Tuesday, August 29, 2006

Pubes

Blogger sucks dog balls today.



***

I've been participating in a discussion this morning on how involved a mother should be in educating their sons in puberty and sexuality. I've been told that a mother should allow a man to take the lead in educating a young man because that young man's embarrassment in discussing such things with his mother could impede the fullness of education, not to mention that a woman never experienced male puberty.

Discuss...

10 comments:

  1. Interesting.
    My son never had a decent male role model so it was only me. I guess being a pretty straight forward person, Jimmy and I never had any problems talking about his sexuality and puberty. There was never "THE TALK" it was all sort of talking about it as it came up (no pun intended). Would a man have been better? I guess that really does depend on the boy and his relationship with his mother. If it would cause ANY embarrassment then I would certainly get a guy's help. Again, it is all about the comfort factor (the kids, not the mom's lol)

    ReplyDelete
  2. I think the Mom's comfort level plays a big part. Don't be coy or
    anything except striaghtforward about puberty, sex and sexual relationships. My husband is military and away a lot, so that
    subject is my domain. Discussing the differences between boys and girls from an early ages makes the need for that one, big tell all conversation unnecessary. My parents had books, gered for kids, of course, available to me and we have made those same books available to my two boys.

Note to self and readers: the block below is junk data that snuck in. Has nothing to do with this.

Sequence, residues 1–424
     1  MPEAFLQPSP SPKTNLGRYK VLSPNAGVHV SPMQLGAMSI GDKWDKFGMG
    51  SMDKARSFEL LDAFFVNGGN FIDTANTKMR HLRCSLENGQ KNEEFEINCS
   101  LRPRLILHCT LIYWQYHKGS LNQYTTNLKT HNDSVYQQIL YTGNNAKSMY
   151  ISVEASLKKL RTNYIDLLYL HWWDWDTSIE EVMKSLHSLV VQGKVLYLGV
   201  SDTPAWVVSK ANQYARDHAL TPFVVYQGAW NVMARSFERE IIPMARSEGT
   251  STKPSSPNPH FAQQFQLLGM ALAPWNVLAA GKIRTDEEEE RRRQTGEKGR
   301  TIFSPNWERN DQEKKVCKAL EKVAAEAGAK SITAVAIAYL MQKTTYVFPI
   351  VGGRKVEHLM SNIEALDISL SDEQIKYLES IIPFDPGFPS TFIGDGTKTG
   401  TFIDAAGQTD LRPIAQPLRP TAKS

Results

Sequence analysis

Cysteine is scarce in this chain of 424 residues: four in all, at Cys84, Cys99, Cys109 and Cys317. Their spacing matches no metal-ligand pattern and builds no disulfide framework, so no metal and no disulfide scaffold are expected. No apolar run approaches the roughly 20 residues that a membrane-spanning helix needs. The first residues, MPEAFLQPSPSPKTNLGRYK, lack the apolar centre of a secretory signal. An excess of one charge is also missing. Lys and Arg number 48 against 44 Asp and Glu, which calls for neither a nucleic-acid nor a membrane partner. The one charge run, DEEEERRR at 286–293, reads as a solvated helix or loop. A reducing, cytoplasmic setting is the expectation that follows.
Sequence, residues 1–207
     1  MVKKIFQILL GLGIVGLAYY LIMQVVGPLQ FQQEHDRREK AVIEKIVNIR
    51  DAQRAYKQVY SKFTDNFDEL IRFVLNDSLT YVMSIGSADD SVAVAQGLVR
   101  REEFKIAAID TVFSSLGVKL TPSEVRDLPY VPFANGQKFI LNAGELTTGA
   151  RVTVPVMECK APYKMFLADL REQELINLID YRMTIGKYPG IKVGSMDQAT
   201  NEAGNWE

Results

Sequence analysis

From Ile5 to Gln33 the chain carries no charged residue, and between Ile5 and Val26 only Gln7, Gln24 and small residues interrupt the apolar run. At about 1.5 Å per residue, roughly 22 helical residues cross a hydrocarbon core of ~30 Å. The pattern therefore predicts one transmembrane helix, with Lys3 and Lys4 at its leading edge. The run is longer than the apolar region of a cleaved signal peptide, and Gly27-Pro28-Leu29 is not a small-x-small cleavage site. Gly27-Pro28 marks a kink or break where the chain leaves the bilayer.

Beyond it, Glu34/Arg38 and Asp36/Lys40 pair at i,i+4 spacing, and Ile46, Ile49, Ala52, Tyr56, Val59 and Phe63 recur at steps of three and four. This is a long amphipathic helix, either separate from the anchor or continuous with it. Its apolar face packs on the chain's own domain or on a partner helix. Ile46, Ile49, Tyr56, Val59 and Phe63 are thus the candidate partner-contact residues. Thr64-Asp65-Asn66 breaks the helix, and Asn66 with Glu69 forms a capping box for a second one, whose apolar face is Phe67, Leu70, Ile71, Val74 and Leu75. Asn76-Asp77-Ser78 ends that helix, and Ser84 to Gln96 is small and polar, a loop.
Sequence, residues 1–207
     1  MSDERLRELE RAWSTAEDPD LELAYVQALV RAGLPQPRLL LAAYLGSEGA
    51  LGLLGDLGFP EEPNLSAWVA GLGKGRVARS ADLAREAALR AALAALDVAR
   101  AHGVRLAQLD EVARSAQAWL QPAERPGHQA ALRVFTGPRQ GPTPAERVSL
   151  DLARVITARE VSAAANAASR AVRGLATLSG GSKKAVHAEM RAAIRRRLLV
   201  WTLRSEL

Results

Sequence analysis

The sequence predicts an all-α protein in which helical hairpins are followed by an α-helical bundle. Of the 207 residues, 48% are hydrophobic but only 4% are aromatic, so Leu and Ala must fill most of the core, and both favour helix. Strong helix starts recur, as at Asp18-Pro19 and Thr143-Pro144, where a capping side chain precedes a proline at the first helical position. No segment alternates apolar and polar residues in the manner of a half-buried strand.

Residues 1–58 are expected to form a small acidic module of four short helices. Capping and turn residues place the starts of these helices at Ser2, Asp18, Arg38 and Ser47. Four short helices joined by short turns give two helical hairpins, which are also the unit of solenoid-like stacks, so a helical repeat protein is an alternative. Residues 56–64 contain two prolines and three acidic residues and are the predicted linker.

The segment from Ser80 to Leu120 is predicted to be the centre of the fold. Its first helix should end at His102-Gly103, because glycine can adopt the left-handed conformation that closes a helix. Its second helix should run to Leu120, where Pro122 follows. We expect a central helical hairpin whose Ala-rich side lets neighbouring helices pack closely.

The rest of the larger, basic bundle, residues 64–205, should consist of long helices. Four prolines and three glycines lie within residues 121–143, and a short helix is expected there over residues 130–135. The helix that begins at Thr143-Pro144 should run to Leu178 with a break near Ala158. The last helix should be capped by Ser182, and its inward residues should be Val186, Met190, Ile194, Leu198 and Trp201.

ReplyDelete
  3. Well I think it's crap. Having raised my kids, the role fell to me and I did it as openly as possible so that they'd talk to me when they felt the need. It seems to have worked, for the most part. If we had to depend on the "male to male", "female to female" only type of education, we'd be screwed. Besides, not all men are capable of delivering the proper education, the same way not all women are proper of delivering the proper education. So I'd say it should fall to the most appropriate parent.

    ReplyDelete
  4. err...."capable of delivery the proper education". Apparently my fingers are moving faster than my brain.

    ReplyDelete
  5. And it's messed up again. NEVER MIND.

    ReplyDelete
  6. it should be left up to the alcoholic divorced neighbor lady down the street...like when I grew up.

    ReplyDelete
  7. I think it depends on the child & the parent. As some have said, there are quite a few boys who are raised in female headed households with no male to participate. My two sons sure have different ideas about how their daughters (both still under 10) should relate to boys as they grow up than they did while they were teen age boys looking at the girls. I don't know if they will talk with their daughters or the mother's will about the subject but I know they will be following the issue closly.

    ReplyDelete
  8. Blogger does suck. I have not been able to blog for awhile. I feel lost.

    I don't want to think about the sex talk for another 13 years.

    ReplyDelete
  9. Well, I never had "the talk" with either one of mine...but..

    well, no offense, but if I had had it...I'd rather it came from my Dad

    ReplyDelete
  10. for my oldest, I was a single mother and he was good at asking questions. My youngest son did not want to talk "about that" with me. So, we got him a couple of books from the UU Sex-ed series. He disappeared into his room with them. A week later, I asked him if he had any questions, and he again told me that he didn't want to talk "about that" with me.

    ReplyDelete

Absent Minded Archives